“I might be comfortable with a generic consent form signed at the outset of employment for employee photos on a website,” he added, “but if the company intends to use an employee’s photograph for an advertising campaign, I would want to see a written consent specifically for that use.”

Rassas agreed. If an employer wishes to use photographs, she said, she would advise them to tell the employee the purpose for which the image will be used and to obtain consent from each employee before proceeding. “I would tell employers to be sure that any consent is truly voluntary,” she added. “If a boss asks an employee for permission to use a picture, the inherent imbalance of power might undermine the voluntariness of the consent because the employee would feel obligated to agree.

“I would provide the employee with the right to withdraw their consent for any reason at any time,” Rassas added.

“We do not require employees to sign a release,” Fingerman said. “We're a small company, under 25 employees, and since photography is a heavy part of our culture, and many of our staff members are professional photographers, there are typically several cameras at every event. When team members prefer not to be photographed, they say so and we oblige.”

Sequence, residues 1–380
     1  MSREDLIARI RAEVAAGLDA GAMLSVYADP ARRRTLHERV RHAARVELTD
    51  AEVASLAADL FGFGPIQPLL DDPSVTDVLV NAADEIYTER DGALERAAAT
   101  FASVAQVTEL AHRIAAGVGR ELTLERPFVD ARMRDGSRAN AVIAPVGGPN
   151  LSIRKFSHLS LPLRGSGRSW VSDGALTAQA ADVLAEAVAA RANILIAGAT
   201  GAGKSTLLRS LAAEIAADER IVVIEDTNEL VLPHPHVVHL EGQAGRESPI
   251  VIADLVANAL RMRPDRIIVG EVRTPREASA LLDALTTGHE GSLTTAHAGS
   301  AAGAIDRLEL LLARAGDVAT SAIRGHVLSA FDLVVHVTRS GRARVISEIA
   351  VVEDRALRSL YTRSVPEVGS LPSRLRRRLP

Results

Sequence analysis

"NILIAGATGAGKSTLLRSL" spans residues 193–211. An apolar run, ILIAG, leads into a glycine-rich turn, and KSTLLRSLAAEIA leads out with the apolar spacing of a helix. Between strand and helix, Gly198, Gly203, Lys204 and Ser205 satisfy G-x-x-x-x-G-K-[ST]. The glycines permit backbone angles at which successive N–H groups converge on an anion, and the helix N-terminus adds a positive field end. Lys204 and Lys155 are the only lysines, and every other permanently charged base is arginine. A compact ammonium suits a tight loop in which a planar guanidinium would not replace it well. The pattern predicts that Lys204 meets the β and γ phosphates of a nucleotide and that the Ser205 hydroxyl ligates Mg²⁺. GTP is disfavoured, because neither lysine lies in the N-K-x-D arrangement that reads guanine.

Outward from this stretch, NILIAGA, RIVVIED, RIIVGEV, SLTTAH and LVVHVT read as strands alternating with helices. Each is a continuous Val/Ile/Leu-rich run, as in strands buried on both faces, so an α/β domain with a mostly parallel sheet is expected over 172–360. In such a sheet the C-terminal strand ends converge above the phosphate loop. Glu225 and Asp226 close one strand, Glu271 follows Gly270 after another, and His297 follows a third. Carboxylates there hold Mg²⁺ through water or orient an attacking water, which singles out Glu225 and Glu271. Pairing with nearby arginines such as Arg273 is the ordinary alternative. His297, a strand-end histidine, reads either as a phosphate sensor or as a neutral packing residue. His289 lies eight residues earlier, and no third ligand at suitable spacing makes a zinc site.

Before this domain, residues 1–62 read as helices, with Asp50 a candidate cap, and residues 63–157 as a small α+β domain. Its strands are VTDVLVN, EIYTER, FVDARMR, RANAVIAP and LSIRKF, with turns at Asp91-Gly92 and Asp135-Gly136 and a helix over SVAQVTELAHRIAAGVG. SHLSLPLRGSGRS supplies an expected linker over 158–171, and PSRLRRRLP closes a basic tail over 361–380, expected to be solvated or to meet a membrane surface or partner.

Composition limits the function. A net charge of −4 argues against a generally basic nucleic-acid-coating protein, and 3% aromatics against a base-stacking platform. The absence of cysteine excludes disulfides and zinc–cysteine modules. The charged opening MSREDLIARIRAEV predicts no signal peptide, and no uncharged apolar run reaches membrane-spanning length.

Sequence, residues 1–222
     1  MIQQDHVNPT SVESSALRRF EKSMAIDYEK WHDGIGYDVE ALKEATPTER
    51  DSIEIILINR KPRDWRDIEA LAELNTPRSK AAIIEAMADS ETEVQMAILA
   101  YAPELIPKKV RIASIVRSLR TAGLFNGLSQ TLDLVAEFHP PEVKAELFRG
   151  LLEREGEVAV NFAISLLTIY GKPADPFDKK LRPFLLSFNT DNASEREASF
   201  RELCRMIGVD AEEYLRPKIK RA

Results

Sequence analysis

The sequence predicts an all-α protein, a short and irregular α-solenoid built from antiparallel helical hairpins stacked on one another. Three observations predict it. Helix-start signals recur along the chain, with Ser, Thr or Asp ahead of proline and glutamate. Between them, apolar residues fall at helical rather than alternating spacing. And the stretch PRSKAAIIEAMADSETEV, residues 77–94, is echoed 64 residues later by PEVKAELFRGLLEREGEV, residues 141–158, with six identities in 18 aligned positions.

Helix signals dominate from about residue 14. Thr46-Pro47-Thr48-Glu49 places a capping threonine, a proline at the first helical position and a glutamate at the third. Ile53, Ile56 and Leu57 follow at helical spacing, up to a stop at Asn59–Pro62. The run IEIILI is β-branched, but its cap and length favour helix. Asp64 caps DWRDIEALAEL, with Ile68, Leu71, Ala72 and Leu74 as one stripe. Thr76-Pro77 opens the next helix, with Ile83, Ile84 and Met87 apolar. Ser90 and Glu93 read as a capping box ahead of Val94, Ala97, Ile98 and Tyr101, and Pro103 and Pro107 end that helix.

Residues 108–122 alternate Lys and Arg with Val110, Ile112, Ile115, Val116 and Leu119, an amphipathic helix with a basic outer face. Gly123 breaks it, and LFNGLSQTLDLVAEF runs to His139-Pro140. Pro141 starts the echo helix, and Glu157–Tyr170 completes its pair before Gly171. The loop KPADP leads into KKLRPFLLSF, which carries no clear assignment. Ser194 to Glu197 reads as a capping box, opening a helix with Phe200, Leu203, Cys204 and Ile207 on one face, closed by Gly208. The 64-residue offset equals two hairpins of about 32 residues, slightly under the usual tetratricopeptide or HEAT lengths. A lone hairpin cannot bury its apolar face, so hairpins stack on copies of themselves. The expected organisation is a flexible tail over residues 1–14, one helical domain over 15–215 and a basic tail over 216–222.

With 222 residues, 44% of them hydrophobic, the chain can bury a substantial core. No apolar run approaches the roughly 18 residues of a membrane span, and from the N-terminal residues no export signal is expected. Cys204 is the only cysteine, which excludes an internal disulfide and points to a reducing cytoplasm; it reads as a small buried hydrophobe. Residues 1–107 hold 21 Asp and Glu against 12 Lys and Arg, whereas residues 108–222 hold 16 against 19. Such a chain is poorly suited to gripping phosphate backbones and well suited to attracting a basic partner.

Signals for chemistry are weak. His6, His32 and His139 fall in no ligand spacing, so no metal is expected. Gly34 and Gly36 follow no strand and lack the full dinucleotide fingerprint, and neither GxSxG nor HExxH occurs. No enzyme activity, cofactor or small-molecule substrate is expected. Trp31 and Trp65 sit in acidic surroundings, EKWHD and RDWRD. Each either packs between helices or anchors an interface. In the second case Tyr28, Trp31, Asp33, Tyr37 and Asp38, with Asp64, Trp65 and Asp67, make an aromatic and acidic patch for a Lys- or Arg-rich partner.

“I would encourage employers to create an open environment where employees are free to indicate whether or not they would like to be included in company photos,” said Lynda Zugec, managing director of The Workforce Consultants, another firm that does not use release forms for employee photos. “We encourage our employees to let us know if they prefer not to be in employee pictures. Although this is a rarity, we certainly respect the privacy of those who would like to remain a little less exposed.”

“I wonder in this day and age of LinkedIn, Facebook, et cetera, whether this is as much of an issue,” Yee said. “People can find out what you look like without much effort. I just Googled my name and clicked on images and there I am.”

Yet Welter encouraged employers to be cautious and respectful.

“If you have an employee that is concerned about their picture appearing in marketing materials, my advice would be to find a different photograph,” Welter said. “People have significant and legitimate concerns about their privacy today. I would respect those concerns.”

Rebecca R. Hastings, SPHR, is an online editor/manager for SHRM.